The above quotation uses the word "imply" you will notice. The implication being that because marine strata can be found at elevated levels the oceans must have been there at some time. This is a specious conclusion, somewhat naieve, and what 99.9% of the worlds serious Geologists regard as childish in it's overt simplicity. In other words . . . it's crap.

    As a second example . . . under the heading . . . Transcontinental Sedimentation and the Flood . . . the webpage has this to say . . .

    Geologist Andrew Snelling recently reported that the Coconino Sandstone, visible in the walls of the Grand Canyon, is part of a vast slab containing a colossal 10,000 cubic miles of cemented sand. 2 Where did all this sand come from? The first clue is that “cross beds within the Coconino Sandstone (and the Glorieta Sandstone of New Mexico and Texas) dip toward the south, indicating that the sand came from the north.” 3 The nearest northern source of similarly colored sand was likely from far away Utah, and must have been washed down by a widespread sheet of water.

    In the Biblical description of the worldwide flood . . . a huge volume of rain fell in a short time . . . agreed? Rain fall indeed transports alluvial material including sand. However a cataclysm such as is described in the Bible would cause the movement of much larger aggregates than pure sand . . . and would form an aggregational mixture of sediment with aggregates as large as several tonnes. Sand strata and sandstones are formed by the gradual eroding of alluviums by a relatively small and regular exposure to rainfall over time . . . hence the aggregate is small (sand) and consistent in size. To put it simply . . . could all that sand travel down from Utah in a "wash" without picking up a few rocks on the way? A catclysmic event could not produce such consistency . . . logic alone should tell you that. This is indeed the case with the Coconino Sandstone. The sloping nature of the strata is simply the result of the aforementioned tectonic movement.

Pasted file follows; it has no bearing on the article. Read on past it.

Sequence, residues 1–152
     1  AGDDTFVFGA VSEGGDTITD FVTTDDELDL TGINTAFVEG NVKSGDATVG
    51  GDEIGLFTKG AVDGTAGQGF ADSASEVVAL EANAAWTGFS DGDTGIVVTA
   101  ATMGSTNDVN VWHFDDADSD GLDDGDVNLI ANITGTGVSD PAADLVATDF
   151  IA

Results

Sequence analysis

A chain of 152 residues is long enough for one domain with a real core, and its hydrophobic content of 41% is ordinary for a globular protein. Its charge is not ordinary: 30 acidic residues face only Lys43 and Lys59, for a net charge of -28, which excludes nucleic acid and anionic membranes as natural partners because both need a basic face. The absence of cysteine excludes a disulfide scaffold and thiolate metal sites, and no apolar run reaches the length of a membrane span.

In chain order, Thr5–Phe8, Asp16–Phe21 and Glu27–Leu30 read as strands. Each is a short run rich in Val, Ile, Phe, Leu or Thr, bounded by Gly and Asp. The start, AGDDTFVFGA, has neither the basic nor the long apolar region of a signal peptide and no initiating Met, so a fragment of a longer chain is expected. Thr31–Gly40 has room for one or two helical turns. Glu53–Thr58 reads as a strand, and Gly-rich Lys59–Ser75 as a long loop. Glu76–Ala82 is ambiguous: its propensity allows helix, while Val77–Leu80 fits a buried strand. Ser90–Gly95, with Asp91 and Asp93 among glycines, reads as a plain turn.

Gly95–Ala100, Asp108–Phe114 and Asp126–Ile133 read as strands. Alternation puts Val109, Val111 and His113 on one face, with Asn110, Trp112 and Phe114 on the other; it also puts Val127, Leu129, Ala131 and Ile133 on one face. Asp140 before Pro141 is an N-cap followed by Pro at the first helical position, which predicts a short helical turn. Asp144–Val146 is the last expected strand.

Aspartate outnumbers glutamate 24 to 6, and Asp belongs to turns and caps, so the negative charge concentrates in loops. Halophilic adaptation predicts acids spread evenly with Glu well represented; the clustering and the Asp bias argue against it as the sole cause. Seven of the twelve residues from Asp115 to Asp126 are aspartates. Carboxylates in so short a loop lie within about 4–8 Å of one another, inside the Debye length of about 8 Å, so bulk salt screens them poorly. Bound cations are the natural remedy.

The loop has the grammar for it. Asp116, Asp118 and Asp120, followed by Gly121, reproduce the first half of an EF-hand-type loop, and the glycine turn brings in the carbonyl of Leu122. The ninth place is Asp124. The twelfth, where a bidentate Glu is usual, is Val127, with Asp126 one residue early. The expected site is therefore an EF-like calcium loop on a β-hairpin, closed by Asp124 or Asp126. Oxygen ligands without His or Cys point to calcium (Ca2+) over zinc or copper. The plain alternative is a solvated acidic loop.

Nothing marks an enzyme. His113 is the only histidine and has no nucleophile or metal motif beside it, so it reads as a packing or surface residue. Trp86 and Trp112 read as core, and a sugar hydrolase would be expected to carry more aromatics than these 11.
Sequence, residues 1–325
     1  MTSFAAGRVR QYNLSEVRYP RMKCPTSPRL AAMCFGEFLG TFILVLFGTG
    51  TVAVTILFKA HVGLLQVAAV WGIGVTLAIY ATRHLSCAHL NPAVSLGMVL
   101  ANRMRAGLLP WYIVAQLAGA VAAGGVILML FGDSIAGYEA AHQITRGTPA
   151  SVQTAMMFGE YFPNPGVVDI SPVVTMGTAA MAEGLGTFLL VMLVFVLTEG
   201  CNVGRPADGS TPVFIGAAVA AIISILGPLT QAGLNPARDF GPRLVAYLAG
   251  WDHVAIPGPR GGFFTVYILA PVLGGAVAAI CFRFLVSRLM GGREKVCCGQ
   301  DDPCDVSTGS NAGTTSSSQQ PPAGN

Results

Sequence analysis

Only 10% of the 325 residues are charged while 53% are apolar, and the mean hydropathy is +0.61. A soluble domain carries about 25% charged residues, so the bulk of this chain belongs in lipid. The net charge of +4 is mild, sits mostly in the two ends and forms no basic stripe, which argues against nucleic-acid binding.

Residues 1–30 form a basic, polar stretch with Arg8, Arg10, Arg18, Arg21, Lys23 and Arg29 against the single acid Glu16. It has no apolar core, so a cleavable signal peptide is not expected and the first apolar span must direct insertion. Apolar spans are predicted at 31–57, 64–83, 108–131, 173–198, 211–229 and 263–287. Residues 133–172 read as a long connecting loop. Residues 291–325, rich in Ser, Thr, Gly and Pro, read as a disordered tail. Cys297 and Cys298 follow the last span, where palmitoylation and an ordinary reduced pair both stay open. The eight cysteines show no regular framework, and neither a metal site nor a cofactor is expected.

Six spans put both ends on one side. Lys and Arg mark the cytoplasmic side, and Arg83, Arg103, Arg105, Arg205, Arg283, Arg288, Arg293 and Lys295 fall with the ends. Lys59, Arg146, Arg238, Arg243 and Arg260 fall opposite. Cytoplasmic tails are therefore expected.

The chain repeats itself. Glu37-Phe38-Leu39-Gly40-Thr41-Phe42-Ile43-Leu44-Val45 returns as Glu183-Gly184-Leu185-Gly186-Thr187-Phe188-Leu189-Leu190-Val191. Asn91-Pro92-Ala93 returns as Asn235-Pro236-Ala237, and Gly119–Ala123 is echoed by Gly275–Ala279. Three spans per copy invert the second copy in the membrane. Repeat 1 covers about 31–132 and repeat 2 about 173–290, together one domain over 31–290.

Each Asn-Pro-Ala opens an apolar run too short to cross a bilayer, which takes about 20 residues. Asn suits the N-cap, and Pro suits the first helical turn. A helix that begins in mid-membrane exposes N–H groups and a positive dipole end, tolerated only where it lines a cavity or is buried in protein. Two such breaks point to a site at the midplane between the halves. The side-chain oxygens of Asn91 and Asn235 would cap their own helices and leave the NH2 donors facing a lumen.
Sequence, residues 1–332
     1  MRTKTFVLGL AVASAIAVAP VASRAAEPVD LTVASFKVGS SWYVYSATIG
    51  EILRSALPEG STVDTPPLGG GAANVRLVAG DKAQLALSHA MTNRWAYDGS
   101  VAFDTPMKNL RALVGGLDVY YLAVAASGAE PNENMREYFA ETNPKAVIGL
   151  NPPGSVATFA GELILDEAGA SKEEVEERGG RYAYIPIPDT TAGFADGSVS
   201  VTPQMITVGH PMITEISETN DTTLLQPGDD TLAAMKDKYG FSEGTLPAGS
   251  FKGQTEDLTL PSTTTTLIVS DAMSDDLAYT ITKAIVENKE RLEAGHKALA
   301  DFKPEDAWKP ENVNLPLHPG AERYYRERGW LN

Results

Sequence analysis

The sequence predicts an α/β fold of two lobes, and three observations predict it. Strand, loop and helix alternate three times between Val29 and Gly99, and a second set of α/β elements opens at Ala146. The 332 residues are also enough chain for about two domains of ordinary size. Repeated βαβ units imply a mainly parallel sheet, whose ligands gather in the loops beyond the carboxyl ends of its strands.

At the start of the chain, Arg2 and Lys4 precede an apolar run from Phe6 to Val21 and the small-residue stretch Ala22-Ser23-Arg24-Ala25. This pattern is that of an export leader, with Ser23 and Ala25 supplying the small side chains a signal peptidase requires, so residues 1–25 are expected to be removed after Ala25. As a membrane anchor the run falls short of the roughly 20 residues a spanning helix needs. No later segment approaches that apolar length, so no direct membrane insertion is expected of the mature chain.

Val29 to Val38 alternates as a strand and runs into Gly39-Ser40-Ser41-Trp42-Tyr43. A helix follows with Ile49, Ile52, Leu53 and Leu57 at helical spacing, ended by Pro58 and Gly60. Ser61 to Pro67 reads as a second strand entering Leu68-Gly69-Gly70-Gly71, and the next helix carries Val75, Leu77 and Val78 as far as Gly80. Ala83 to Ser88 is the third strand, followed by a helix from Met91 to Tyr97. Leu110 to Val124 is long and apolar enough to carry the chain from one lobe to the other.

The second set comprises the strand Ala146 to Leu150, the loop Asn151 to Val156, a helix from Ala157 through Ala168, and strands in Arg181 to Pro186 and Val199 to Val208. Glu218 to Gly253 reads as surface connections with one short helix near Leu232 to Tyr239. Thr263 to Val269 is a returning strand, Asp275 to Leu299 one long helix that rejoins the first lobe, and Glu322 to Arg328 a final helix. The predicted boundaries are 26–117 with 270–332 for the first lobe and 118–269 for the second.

High variable aggregates would, in the case of the biblical flood be present in huge volumes . . . be widespread . . . and of identical age . . . but they are not.

    In conclusion . . . the "Geologists" who support the notion of a world-wide flood seek their evidence with this preconcieved premise or bias. The remainig 99.9% of scientist involved in this field, examine the evidence without such a premise. Indeed such a premise is occlusive to true geological science.

    "Scientists" who indulge themselves in this way are not taken seriously by the wider scientific community regardless of their religion or premise (bias).

  • cofty

    I think you are unaware of much of the doctorate level research on young earth creationism.

    You mean like DR Dino?

  • sizemik

    LOL cofty . . . If any "Doctorate" graduates exist in "young earth creationism" . . . you can bet they didn't write a thesis on Noah's Ark!

  • DesirousOfChange

    A few JWs could justify coming here to try to influence people back (warnings or not). This seems like a reasonable thing, so I am surprised the WT is running scared (I guess more people would be influenced away from WT than towards it if they expose themselves to all the facts).

    Oh, buddy! You know it!

    There are several people on here that have all their WT facts together way more than even the WTS does. I've come to see that responsible parties at the WTS haven't even been able to keep up with all their own contradictions/changes/mis-statements through the years -- even the recent years if you disregard the "antique" history of Russell's days.

    Clearly there are some wackos here....... But there are also those whose quotes and statements hold up under scrutiny.